“In a new report, Kids Abroad, Terres des Hommes reviews a wide range of initiatives to support children who leave home without being accompanied by any other family member, discussing the situation in Western and South Eastern Europe and also in West Africa, Central America, South Asia and South East Asia…
“As a matter of public policy, most governments encourage children to attend school and to remain there, at least until they complete their primary education. However, millions do not do so and set out to seek their fortune while still adolescents or even before reaching puberty. While public policy may not want to approve or encourage their actions, thousands of NGOs around the world are engaged in efforts to protect and assist such children, particularly when they are far from home and vulnerable to abuse because they are cut off from the families or home communities who could help protect them.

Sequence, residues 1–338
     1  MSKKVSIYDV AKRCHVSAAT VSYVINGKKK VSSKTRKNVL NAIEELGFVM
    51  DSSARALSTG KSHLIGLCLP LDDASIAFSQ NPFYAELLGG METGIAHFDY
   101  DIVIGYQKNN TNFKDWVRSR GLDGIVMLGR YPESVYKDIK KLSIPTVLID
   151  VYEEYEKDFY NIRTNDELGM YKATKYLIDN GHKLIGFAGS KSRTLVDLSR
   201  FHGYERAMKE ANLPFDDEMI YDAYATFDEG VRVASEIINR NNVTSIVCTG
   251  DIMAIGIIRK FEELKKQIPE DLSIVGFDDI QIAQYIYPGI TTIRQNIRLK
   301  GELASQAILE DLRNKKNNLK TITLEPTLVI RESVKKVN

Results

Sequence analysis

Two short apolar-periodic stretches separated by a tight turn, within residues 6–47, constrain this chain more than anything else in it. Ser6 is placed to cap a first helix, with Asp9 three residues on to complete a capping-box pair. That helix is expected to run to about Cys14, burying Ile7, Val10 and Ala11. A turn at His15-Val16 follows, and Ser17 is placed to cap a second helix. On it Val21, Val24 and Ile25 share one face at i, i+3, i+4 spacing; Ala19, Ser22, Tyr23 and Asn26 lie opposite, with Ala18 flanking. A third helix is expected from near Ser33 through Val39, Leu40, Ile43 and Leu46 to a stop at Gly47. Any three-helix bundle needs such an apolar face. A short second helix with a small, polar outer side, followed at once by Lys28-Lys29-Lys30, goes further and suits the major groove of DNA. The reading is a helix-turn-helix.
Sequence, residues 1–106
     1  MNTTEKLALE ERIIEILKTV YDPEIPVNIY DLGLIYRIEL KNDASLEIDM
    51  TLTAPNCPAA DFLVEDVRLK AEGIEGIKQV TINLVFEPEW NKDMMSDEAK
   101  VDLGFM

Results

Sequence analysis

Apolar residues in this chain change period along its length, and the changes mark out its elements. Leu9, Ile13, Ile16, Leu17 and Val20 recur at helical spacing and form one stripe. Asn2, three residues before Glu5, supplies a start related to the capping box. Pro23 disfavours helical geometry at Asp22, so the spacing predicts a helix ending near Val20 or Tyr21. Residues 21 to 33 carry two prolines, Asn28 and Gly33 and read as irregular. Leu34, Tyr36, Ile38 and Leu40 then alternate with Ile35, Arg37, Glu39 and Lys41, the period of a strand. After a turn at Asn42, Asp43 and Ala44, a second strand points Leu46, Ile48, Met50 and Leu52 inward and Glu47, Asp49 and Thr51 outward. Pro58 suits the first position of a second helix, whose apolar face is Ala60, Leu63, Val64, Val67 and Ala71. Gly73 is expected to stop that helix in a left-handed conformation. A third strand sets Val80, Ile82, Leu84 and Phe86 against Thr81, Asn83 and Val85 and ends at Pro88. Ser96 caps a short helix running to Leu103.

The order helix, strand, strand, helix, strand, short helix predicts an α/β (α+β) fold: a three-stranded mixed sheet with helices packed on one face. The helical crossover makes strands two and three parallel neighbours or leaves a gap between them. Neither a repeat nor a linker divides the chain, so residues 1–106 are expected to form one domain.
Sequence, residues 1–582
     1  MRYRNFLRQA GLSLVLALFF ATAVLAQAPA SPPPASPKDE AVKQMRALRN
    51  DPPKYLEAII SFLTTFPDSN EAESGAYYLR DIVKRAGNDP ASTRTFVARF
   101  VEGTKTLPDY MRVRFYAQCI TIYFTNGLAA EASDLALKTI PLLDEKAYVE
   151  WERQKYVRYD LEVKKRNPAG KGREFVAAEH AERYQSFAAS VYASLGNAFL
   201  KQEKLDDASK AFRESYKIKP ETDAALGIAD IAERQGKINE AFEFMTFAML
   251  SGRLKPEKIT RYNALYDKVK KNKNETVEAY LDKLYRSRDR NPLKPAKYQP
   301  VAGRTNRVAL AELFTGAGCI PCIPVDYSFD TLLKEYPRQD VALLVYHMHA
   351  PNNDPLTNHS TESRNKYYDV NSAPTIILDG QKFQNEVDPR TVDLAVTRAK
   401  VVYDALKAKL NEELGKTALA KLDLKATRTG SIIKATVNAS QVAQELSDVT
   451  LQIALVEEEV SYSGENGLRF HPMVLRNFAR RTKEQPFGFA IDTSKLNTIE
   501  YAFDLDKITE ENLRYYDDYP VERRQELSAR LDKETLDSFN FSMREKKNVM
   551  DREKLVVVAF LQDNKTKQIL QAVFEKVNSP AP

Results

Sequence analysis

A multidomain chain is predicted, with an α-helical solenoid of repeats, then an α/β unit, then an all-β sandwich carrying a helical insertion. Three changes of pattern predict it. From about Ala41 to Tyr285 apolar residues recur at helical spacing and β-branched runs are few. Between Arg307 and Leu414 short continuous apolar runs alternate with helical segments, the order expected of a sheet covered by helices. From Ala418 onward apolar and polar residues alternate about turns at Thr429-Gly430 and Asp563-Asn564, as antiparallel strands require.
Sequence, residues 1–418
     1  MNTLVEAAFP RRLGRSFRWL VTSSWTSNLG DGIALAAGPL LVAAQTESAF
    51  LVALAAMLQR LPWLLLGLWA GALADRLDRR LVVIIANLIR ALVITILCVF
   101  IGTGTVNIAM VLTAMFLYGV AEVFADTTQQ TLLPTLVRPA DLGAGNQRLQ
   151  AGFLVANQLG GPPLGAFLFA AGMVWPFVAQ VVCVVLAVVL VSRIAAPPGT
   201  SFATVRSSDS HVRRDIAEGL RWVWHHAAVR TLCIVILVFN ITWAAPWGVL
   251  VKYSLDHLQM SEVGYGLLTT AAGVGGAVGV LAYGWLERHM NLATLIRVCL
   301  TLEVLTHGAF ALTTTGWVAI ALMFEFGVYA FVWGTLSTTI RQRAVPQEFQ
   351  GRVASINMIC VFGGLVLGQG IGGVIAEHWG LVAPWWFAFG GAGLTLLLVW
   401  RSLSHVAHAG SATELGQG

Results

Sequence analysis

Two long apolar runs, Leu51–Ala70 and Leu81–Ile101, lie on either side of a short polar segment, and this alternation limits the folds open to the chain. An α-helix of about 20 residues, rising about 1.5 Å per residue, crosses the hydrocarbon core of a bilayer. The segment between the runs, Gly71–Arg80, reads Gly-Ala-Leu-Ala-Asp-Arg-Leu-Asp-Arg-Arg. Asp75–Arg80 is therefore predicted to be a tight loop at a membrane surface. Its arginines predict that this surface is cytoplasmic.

- More investment is required to develop techniques for protecting children who are actually in transit, moving from one place to another in search of a better future.
- Better and more imaginative use could be made of communications and information technology to protect children on the move, notably by ensuring they can stay in contact with others while travelling and after reaching their destination.
- Not enough attention has been given to understanding indigenous practices which have the effect of protecting children from harm and which can be strengthened at relatively little cost”.
The US-based Center for Public Policy Priorities has released a study of unaccompanied children in the United States who are repatriated to their home countries: A Child Alone and Without Papers: A Report on the Return and Repatriation of Unaccompanied and Undocumented Children by the United States (in English and Spanish, including a two-page summary) is available on the CPPP website.
A few key highlights:
- Children are routinely mistreated by US authorities
- Children are denied legal representation
- Children are denied access to their Consulates
- Safety of children transported back to their home countries is not a major concern
- Children are often returned to unsafe conditions.
The research report includes several key recommendations for policy and practice.